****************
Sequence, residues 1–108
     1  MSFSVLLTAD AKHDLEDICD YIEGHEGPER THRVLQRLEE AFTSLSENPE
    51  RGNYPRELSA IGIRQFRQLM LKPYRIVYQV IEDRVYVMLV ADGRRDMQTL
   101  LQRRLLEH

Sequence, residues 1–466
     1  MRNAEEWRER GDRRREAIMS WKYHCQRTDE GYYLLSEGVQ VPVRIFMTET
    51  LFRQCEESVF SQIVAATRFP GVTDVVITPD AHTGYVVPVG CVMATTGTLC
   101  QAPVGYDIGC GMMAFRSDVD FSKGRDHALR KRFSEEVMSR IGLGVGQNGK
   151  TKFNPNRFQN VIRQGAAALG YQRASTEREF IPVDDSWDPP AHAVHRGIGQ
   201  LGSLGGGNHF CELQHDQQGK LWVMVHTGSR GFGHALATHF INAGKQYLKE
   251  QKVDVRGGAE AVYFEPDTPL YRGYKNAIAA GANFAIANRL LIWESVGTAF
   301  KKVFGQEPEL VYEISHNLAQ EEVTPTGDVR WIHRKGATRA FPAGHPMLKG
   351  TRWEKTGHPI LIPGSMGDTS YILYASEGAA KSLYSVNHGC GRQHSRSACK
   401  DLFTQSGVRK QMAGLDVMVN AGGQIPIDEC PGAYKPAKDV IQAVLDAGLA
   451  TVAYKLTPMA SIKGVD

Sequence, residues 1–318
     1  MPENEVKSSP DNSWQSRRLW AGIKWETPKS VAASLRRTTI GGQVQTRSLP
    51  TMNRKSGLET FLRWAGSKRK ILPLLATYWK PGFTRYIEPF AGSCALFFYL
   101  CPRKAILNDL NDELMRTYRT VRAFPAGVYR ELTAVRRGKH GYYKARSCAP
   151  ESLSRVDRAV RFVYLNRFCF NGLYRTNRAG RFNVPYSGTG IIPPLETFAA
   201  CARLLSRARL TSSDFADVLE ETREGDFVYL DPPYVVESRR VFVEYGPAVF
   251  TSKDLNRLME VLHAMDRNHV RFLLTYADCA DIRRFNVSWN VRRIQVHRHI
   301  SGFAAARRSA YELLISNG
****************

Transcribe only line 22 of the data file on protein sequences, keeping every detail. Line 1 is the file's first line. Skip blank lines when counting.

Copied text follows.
   251  TSKDLNRLME VLHAMDRNHV RFLLTYADCA DIRRFNVSWN VRRIQVHRHI